Acute N-Acetylcysteine Administration Ameliorates Loss of Olfactory Neurons Following Experimental Injury In Vivo

Stefania Goncalves, Bradley J Goldstein

Research output: Contribution to journalArticle

Abstract

The olfactory epithelium (OE) is the peripheral organ for the sense of smell, housing primary sensory neurons that project axons from the nose to the brain. Due to the presence of a basal stem cell niche, the adult mammalian OE is a dynamic tissue capable of replacing neurons following their loss. Nonetheless, certain conditions, such as blunt head trauma, can result in persistent olfactory loss, thought to be due to shearing of olfactory nerve filaments at the skull base, degeneration, and failures in proper regeneration/reinnervation. The identification of new treatment strategies aimed at preventing degeneration of olfactory neurons is, therefore, needed. In considering potential therapies, we have focused on N-acetylcysteine (NAC), a glutathione substrate shown to be neuroprotective, with a record of safe clinical use. Here, we have tested the use of NAC in an animal model of olfactory degeneration. Administered acutely, we found that NAC (100 mg/kg, twice daily) resulted in a reduction of olfactory neuronal loss from the OE of the nose following surgical ablation of the olfactory bulb. At 1 week postlesion, we identified 54 ± 8.1 mature neurons per 0.5 mm epithelium in NAC-treated animals vs. 28 ± 4.2 in vehicle-treated controls (P = 0.02). Furthermore, in an olfactory cell culture model, we have identified significant alterations in the expression of several genes involved in oxidative stress pathways following NAC exposure. Our results provide evidence supporting the potential therapeutic utility for NAC acutely following head trauma-induced olfactory loss. Anat Rec, 2019.

Original languageEnglish (US)
JournalAnatomical Record
DOIs
StateAccepted/In press - Jan 1 2019
Externally publishedYes

Fingerprint

acetylcysteine
Acetylcysteine
neurons
Neurons
Olfactory Mucosa
Wounds and Injuries
epithelium
Craniocerebral Trauma
Nose
animal
skull
ablation
Olfactory Nerve
Stem Cell Niche
brain
niche
Nerve Degeneration
therapeutics
olfactory bulb
sense organs

Keywords

  • n-acetylcysteine
  • neurons
  • olfaction
  • oxidative stress
  • regeneration

ASJC Scopus subject areas

  • Anatomy
  • Biotechnology
  • Histology
  • Ecology, Evolution, Behavior and Systematics

Cite this

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title = "Acute N-Acetylcysteine Administration Ameliorates Loss of Olfactory Neurons Following Experimental Injury In Vivo",
abstract = "The olfactory epithelium (OE) is the peripheral organ for the sense of smell, housing primary sensory neurons that project axons from the nose to the brain. Due to the presence of a basal stem cell niche, the adult mammalian OE is a dynamic tissue capable of replacing neurons following their loss. Nonetheless, certain conditions, such as blunt head trauma, can result in persistent olfactory loss, thought to be due to shearing of olfactory nerve filaments at the skull base, degeneration, and failures in proper regeneration/reinnervation. The identification of new treatment strategies aimed at preventing degeneration of olfactory neurons is, therefore, needed. In considering potential therapies, we have focused on N-acetylcysteine (NAC), a glutathione substrate shown to be neuroprotective, with a record of safe clinical use. Here, we have tested the use of NAC in an animal model of olfactory degeneration. Administered acutely, we found that NAC (100 mg/kg, twice daily) resulted in a reduction of olfactory neuronal loss from the OE of the nose following surgical ablation of the olfactory bulb. At 1 week postlesion, we identified 54 ± 8.1 mature neurons per 0.5 mm epithelium in NAC-treated animals vs. 28 ± 4.2 in vehicle-treated controls (P = 0.02). Furthermore, in an olfactory cell culture model, we have identified significant alterations in the expression of several genes involved in oxidative stress pathways following NAC exposure. Our results provide evidence supporting the potential therapeutic utility for NAC acutely following head trauma-induced olfactory loss. Anat Rec, 2019.",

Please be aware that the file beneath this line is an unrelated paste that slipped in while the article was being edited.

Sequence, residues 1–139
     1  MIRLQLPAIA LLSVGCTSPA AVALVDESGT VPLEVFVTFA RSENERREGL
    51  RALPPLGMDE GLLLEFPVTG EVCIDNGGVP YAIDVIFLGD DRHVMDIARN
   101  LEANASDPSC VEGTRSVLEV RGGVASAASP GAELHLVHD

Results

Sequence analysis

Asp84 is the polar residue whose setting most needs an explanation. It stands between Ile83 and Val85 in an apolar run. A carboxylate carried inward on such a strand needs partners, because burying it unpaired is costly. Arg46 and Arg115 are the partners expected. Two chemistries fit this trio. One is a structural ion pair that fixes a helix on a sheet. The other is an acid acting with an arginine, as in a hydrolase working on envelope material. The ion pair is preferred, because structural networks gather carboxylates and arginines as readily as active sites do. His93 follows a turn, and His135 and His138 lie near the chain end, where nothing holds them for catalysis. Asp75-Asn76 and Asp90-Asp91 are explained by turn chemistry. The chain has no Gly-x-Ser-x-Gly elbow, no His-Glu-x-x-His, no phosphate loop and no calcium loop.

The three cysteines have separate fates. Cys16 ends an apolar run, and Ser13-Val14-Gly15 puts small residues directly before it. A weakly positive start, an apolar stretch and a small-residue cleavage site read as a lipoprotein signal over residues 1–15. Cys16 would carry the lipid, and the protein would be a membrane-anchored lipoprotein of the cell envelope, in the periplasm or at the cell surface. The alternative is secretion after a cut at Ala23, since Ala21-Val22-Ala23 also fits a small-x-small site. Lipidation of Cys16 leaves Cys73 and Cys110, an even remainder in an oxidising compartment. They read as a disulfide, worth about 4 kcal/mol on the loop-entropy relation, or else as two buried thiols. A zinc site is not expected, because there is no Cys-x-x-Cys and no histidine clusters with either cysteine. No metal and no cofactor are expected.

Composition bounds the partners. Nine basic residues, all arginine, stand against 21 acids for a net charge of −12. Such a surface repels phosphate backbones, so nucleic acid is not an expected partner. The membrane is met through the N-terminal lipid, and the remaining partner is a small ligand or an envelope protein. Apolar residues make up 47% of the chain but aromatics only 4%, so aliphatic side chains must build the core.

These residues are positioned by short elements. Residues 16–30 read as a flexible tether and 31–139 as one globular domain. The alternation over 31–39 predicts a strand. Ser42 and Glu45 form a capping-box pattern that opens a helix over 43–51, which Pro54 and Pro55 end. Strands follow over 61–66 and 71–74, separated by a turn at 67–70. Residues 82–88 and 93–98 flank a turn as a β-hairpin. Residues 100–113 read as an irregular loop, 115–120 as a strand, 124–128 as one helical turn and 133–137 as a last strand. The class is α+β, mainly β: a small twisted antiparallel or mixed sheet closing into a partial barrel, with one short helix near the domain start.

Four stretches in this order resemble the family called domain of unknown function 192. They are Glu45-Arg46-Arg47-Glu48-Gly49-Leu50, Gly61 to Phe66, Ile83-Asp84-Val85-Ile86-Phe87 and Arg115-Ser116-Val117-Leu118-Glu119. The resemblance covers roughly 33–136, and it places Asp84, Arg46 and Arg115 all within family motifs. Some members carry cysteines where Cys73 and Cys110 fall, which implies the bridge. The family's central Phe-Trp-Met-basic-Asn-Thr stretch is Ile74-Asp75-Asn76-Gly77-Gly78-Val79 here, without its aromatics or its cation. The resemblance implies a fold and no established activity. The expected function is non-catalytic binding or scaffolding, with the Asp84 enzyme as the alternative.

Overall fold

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N2 - The olfactory epithelium (OE) is the peripheral organ for the sense of smell, housing primary sensory neurons that project axons from the nose to the brain. Due to the presence of a basal stem cell niche, the adult mammalian OE is a dynamic tissue capable of replacing neurons following their loss. Nonetheless, certain conditions, such as blunt head trauma, can result in persistent olfactory loss, thought to be due to shearing of olfactory nerve filaments at the skull base, degeneration, and failures in proper regeneration/reinnervation. The identification of new treatment strategies aimed at preventing degeneration of olfactory neurons is, therefore, needed. In considering potential therapies, we have focused on N-acetylcysteine (NAC), a glutathione substrate shown to be neuroprotective, with a record of safe clinical use. Here, we have tested the use of NAC in an animal model of olfactory degeneration. Administered acutely, we found that NAC (100 mg/kg, twice daily) resulted in a reduction of olfactory neuronal loss from the OE of the nose following surgical ablation of the olfactory bulb. At 1 week postlesion, we identified 54 ± 8.1 mature neurons per 0.5 mm epithelium in NAC-treated animals vs. 28 ± 4.2 in vehicle-treated controls (P = 0.02). Furthermore, in an olfactory cell culture model, we have identified significant alterations in the expression of several genes involved in oxidative stress pathways following NAC exposure. Our results provide evidence supporting the potential therapeutic utility for NAC acutely following head trauma-induced olfactory loss. Anat Rec, 2019.

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